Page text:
God uses the hard realities of life to expose our deepest fears and internal struggles. These experiences make us more self-aware so we can cultivate the spiritual disciplines necessary to lead ourselves and others well. Consider what happened to Moses, the humblest person on earth (Num. 12:3). After the people complained about their misfortunes yet again in the wilderness, Moses was miserable. He cried out to the Lord: “What have I done to displease you that you put the burden of all these people on me? Did I conceive all these people? Did I give them birth? Why do you tell me to carry them in my arms, as a nurse carries an infant, to the land you promised? … If this is how you are going to treat me, please go ahead and kill me” (Num. 11:11–12, 15).
Why I picked up this book:
A better question would be, “Why would I not pick up any book written by Ruth Haley Barton?” I have several books of hers and use them for “check-ins” with myself, to get a pulse on if I’m running too fast, need to listen more intently, or live more deeply. I read through her books slowly, not because they aren’t good, but because it is necessary for me to do so. Reading this book as been a practice in spiritual formation.
Who Should Read Strengthening the Soul of Your Leadership:
This book is particularly helpful for leaders, especially those who are living fast-paced and full lives. With prayer, inspirational quotes, thought-provoking questions, spiritual practices and scriptures throughout, it centers us on God, gives good perspective, and invites us into a spiritual rich, and physically and emotionally healthy way of being in the world.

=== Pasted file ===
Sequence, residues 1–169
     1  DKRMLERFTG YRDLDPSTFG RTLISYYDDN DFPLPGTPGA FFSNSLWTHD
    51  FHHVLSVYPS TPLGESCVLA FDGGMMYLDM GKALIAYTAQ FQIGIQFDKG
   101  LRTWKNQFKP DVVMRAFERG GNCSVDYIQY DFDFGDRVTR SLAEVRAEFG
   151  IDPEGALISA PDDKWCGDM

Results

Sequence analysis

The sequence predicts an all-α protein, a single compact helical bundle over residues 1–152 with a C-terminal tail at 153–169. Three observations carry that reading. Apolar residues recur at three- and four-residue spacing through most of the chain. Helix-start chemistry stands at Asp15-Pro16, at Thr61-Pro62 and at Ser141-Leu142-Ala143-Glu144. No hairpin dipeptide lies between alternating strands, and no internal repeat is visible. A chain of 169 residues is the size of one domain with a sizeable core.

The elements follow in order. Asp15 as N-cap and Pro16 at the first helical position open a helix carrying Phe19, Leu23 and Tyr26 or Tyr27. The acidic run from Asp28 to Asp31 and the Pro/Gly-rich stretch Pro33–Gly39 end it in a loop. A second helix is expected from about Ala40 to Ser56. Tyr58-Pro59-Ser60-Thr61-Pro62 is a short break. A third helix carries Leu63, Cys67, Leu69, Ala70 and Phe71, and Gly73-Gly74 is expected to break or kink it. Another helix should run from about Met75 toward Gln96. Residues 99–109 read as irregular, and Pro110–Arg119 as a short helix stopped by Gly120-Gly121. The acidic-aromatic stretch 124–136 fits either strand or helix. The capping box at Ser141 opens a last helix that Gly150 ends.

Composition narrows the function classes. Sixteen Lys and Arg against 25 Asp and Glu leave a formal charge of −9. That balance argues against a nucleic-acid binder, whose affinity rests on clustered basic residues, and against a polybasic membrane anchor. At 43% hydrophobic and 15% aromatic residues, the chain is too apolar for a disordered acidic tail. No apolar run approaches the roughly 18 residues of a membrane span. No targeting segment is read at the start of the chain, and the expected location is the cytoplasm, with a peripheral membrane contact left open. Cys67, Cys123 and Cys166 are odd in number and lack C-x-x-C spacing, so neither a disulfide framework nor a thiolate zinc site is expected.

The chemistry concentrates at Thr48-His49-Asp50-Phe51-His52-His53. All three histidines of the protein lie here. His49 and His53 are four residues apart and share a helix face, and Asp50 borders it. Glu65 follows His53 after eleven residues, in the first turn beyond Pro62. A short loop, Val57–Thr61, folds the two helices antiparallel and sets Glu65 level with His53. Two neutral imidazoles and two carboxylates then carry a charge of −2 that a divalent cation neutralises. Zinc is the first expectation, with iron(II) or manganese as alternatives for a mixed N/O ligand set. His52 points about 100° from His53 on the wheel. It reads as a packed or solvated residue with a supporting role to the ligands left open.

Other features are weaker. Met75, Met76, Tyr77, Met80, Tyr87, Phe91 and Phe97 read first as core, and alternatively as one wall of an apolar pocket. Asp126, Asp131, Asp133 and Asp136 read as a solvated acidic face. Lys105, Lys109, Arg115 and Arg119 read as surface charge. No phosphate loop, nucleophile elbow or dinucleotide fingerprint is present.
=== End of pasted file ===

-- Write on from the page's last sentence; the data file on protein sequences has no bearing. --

Continue reading “An Invitation to Strengthen the Soul of Your Leadership”
I’m heartbroken as I read though Moses wilderness journey in the Exodus account. Moses was a faithful servant of God. He prayed often and sought the Lord for guidance. The Bible records that, “The Lord would speak to Moses face to face, as a man speaks with his friend (Exodus 33:11 NIV).” In spite of his intimacy with God, Moses had a difficult life. He spent more time with God than he did with his family, his own flesh and blood turned on him (Num 12: 1), he watched (and actually ordered) friends and loved ones killed for their disobedience to the Lord (Exodus 33: 27-30), the rest of them died over a period of 40 years while wandering in the desert, and in spite of all that, he didn’t get to enter the Promised Land.
Continue reading “The Wilderness and the Ordinary Life”